Jump to content
KalipsoRed21

KalipsoRed21 BSN

Currently: Home Health
Member Member Nurse
  • Joined:
  • Last Visited:
  • 256

    Content

  • 0

    Articles

  • 5,029

    Visitors

  • 0

    Followers

  • 0

    Points

KalipsoRed21 has 12 years experience as a BSN and specializes in Currently: Home Health.

Cardiac Step Down, Telemetry, Travel, ER, Intake Coordinator for Home Infusion, Home Care

KalipsoRed21's Latest Activity

  1. KalipsoRed21

    Home Health Traveler

    So I have done ER traveling in the past. I stopped ER 4 years ago and have been doing home health. Not private duty, but like home health Oasis...that whole thing. Any home health travel nurses out there? Is it a specialty that even gets contracts? Do you get compensated for using your car to see patients? (Currently the organization I work from provides the car.) Just curious, have the travel bug again and I’d like to pay off some debt. Thanks!
  2. I think you fell hard for this patient, but you should not visit this patient while you are at work any longer. I say clock out every day and spend 5-10minutes visiting with her before you go home. You are more than professionally attached to this patient. And that is okay as long as you realize it, take good care of your current patients, and only see this one on your own time...as a friend....which means you don’t get report from other nurses to make sure that her care is being done or look at her chart.
  3. KalipsoRed21

    Anxiety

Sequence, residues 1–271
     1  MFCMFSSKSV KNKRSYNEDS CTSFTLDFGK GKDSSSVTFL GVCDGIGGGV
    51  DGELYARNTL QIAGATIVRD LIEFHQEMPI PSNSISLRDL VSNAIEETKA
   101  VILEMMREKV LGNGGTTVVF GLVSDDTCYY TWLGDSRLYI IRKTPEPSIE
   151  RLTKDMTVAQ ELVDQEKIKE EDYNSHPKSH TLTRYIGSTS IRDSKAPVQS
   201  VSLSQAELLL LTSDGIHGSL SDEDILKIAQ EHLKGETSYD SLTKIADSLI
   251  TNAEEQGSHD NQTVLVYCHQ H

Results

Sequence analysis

So nurse of 12 years here and I’m in need of some advice. I’m starting to have some real anxiety about dealing with people....not just my patients. I went in to nursing because I really use to love to learn about other people. Now I think I could go the rest of my life without meeting another person. I just can’t see anymore sadness. The 24 year old mother of 3 who came into the ER to find cancer EVERYWHERE. The 60 year old dad who just became a father 5 years ago who got pancreatic cancer. There are many, many, many more stories like this that I have experienced. I had a religious friend say to me once something along the lines that I must be so lucky to see miracles every day. I have seen one patient in 12 years that I would call a miracle. Most of them are just sad, complex, and demonstrate repeatedly to me that time is short. Which brings me to my next issue. I may be experiencing some sort of PTSD from my patient population, or over empathy, or some sort of burnout. But I can’t bring myself to find it so important to fill out all this effing paperwork or waste several hours of time after work to get it done. I still do it all to the absolute best of my ability because I can’t stand the thought of a patient having issues getting something because their dumb insurance company would deny it due to my lack or charting, but charting is an absolute waste of my time here on earth and does jack *** for people’s health. I can barely bring myself to find it important to go to work. Who are we helping? The pocket books of the hospital administrators? I spend 25 minutes with a patient and family doing home health, 35 minutes charting it, and then, while talking to doctors and looking up patients info while on the phone, drive to my next appointment and try not to die on my way there. All so I can try to get home on time (my territory is an hour away from my house, not my choice and have ask repeatedly over the last 2 years to be moved closer) and spend a smidge if time with my family. Which is near impossible because of the other administrative crap I need to get done to be ready for the next day. Honestly I didn’t find floor nursing any better. I can seriously see why people find suicide easier than this bull. But I have a baby and a husband that I support so I can’t take that route. Yes I see a psychologist. Her thoughts are that my expectations of what work should be are skewed like every millennial and that once I get to the right expectations I won’t feel this way. I doubt it. I’ve felt this way about work since I’ve started. I hate being told where to be and what other people’s expectations I have to attain to keep employment since I started. Can I do it? Yes. I can do it and be successful at it, but I still think of it as a horrible waste of time due to all the bureaucracy one must do at ANY job to do right by others. Nursing just made it worse because I know how small our time here is and I can’t get all those people out of my mind that I saw leave with so much unattained in their personal life due to having to make money. Just absurd and stupid that we let employers do this to us. That is all.